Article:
Wednesday, September 22, 2010

Medicine, Its Practice, 1971

In the June 1971 edition of NEJM there was an article regarding the changing practice of medicine. I thought it would be of interest to provide the first paragraph of the abstract,

The Social legislation of 1965–66 represented a post-war II adjustment with a shift in ethics from individualism in an agrarian society to a complex organization in a dominantly urban society. Consequently, a reformation in health services confronts physicians, who have long enjoyed a respected position in providing care for those who assumed personal responsibility. Now that society has assumed responsibility, proof of competence is demanded from the physician receiving payment for service. Thus, unless present methods of continuing education are strengthened, government threatens to control their accreditation and to demand licensure of physicians based on periodic re-examination.

Two points worth noting.

1. Individualism: Before the Johnson era social programs the individual brought a certain level of personal responsibility to the table. The patient coming in who had been bleeding in their urine for several months often was chided for not coming in sooner. The patient had to take some blame, for obesity, drinking, drug abuse, risky sexual activity and the like.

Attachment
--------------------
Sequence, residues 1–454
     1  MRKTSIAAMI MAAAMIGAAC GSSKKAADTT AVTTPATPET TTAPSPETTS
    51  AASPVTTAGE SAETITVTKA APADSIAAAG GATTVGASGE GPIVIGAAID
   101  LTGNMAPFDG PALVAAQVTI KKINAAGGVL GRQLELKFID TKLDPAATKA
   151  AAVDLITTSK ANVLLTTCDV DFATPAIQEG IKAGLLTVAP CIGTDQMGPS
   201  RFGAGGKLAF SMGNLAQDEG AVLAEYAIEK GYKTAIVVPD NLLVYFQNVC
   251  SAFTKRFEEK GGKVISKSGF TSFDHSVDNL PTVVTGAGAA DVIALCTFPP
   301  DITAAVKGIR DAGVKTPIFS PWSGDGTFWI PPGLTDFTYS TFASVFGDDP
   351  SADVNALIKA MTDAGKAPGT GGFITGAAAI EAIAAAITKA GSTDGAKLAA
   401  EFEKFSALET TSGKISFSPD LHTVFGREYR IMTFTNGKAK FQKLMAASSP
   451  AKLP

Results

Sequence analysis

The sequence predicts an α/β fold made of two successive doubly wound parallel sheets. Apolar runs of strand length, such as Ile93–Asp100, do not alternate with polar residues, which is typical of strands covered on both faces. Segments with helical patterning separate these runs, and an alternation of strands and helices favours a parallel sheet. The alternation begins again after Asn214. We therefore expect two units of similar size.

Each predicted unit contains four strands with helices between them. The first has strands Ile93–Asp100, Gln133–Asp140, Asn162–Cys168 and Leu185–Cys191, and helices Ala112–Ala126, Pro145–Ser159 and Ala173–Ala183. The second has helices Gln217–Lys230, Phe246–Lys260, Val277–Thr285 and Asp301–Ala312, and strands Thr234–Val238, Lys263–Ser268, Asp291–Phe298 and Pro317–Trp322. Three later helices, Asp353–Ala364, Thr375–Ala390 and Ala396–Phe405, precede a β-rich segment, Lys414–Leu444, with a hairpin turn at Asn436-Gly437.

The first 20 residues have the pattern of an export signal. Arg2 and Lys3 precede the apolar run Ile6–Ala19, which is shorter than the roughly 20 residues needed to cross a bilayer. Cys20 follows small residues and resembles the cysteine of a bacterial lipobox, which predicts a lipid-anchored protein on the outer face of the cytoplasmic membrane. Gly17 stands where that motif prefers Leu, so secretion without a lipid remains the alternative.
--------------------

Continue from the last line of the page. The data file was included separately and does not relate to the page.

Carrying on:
2. The phrase, "now that society has assumed responsibility" is the most telling, for under the period of Johnson the government, read society, took over, for better or worse, and that is when school lunches, a good intention, exploded, as did the caloric intake. Unintended consequences, loss of individualism, and making everything that goes wrong a disease.

Interesting to see what things were like 40 years ago.